At White House Hanukkah reception, Biden urges political leaders to speak out against antisemitism
President Joe Biden, hosting Jewish leaders at the White House for Hanukkah Monday evening, urged political and communal leaders to speak out forcefully against antisemitism and said he’s committed “to the safety of the Jewish people and the vibrancy of Jewish life.”
The president’s remarks follow a series of steps the administration has recently taken in response to a surge in antisemitic hate crimes in major U.S. cities and rising openly anti-Jewish rhetoric on social media. A recent report by the Center for the Study of Hate and Extremism showed New York, Los Angeles and Chicago all saw more anti-Jewish hate crimes this year than in 2021, when incidents reached record levels.
Biden last week launched an interagency task force to develop a national strategy to combat antisemitism. And Doug Emhoff, the Jewish second gentleman, earlier this month hosted a roundtable with Jewish leaders to discuss ways to tackle the issue.
“Silence is complicity,” Biden told the crowd. “We must not remain silent. And I made no bones about it from the very beginning: I will not be silent. America will not be silent.”
Monday evening’s affair in the Gran Foyer of the White House was a return to the exuberant pre-pandemic White House Hanukkah parties that began in the George W. Bush administration, known for their trays of lamb chops and diversity of latkes. Last year’s party was smaller and more intimate.
Special guests Monday included Bronia Brandman, a 90-year-old Holocaust survivor and retired public school teacher; Rabbi Charlie Cytron-Walker, the rabbi whose quick thinking ended an 11-hour hostage-taking at a Texas synagogue in January; Michele Taylor, the U.S. ambassador to the U.N. Human Rights Council and the daughter of Holocaust survivors; and Avi Heschel, granddaughter of Rabbi Abraham Joshua Heschel, a leader in the civil rights movement.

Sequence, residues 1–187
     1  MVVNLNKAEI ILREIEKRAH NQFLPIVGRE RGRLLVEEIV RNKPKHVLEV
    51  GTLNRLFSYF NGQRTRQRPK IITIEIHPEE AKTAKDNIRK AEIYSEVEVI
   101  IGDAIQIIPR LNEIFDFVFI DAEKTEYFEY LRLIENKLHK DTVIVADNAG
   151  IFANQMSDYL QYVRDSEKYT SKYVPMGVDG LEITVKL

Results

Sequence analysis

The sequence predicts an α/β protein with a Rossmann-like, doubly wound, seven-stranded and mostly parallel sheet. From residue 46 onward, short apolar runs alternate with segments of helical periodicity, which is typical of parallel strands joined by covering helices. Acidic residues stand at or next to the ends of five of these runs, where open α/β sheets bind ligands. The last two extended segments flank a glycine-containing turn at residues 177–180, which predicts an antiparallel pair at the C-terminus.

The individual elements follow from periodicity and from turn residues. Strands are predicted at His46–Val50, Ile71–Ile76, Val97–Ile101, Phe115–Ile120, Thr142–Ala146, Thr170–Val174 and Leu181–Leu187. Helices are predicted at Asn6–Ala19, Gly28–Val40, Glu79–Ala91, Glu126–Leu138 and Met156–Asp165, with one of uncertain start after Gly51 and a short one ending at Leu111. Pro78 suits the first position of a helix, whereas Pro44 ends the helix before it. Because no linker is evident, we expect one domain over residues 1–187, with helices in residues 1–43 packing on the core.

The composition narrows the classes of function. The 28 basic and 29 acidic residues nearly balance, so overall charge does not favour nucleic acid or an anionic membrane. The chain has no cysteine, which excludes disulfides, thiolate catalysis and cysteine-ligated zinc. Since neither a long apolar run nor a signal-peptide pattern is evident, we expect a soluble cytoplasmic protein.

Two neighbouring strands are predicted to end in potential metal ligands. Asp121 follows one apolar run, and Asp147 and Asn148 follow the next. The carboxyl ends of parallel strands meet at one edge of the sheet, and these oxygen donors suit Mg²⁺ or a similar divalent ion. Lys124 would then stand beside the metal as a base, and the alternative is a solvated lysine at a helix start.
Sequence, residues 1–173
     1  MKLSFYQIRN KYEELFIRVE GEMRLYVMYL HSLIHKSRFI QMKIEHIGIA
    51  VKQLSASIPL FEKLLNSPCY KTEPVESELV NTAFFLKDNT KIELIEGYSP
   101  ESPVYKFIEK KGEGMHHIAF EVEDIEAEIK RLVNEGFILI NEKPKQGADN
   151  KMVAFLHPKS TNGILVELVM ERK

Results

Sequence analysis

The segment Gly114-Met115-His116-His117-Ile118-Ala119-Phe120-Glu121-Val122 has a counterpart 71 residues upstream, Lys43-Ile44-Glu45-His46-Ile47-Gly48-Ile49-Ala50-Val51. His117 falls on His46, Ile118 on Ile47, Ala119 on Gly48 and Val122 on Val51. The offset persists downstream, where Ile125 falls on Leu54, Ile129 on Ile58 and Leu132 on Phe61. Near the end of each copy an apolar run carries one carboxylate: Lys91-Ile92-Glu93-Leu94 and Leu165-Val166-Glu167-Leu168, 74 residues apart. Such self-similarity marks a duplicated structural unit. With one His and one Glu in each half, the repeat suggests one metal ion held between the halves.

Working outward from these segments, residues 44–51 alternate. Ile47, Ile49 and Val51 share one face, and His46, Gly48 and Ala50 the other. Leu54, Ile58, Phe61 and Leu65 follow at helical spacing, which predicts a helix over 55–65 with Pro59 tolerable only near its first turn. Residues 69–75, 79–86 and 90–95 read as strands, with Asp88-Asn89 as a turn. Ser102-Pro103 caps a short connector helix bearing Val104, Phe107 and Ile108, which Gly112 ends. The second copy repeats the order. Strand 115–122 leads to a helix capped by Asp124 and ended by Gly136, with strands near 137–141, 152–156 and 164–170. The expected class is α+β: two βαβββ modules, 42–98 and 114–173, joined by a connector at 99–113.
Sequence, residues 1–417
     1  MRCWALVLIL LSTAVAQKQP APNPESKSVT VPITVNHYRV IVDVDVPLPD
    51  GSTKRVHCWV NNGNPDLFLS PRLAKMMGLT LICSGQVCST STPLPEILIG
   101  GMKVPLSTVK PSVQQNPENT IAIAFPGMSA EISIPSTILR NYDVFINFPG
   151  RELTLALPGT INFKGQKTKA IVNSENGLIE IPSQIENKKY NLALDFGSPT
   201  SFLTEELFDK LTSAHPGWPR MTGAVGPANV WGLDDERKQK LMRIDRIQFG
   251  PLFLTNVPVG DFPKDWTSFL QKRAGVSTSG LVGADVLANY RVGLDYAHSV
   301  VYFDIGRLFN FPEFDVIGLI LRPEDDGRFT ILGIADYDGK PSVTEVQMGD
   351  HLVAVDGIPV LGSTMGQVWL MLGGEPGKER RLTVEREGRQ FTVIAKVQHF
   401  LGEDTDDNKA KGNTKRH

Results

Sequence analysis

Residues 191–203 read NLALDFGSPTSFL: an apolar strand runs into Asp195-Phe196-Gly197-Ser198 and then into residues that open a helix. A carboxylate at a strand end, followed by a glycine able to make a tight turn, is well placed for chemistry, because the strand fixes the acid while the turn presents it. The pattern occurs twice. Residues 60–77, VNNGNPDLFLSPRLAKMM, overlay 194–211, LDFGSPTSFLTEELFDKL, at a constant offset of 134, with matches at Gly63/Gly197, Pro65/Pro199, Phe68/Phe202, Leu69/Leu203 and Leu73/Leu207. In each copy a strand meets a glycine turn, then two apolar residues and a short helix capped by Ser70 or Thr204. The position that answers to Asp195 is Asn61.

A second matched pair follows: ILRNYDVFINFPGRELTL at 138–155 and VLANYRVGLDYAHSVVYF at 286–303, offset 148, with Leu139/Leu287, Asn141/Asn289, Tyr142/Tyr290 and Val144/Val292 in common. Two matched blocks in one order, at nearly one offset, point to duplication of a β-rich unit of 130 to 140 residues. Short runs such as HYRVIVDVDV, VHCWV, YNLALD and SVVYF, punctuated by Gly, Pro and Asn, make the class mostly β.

A new menorah was unveiled for the first time as the first-ever piece of White House Judaica. In past years, presidents used borrowed menorahs for their Hanukkah receptions. This one was created by the White House’s carpentry shop with wood recovered from the foundation of the building during a 1950s renovation and features handmade silver cups to hold the candles. “Its beauty reminds us of the Hanukkah miracle,” first lady Jill Biden said in a statement, “and the joy it inspired.”
Introducing the president, Jill Biden said the menorah “is now a cherished piece of this home, your home.”
In his remarks, Biden said the menorah conveys the permanence and resilience of the Jewish people.
The celebration took place as Biden contemplates a reelection bid in 2024. He has said he will discuss the prospect of another campaign with his family over Christmas, but his allies have already lined up staff and discussed strategy.
Vice President Kamala Harris and her husband, who is Jewish, hosted another Hanukkah party, on Sunday, at their residence a few miles from the White House. With a Holocaust survivor and two rabbis, the couple lit the menorah, a loan from the Jewish Museum in New York. Made in Eastern Europe in the late 19th century, it bears a Hebrew inscription that dedicates it to a mutual aid society.
In his remarks, Emhoff said that anyone who fails to speak out and take action against antisemitism “needs to be called out.” He further implored some 300 guests to speak out “against those who praise fascist murderers, who would deny the Holocaust and who idolize extremists.” And he encouraged his guests “to live proudly, freely and openly as Jews without fear.”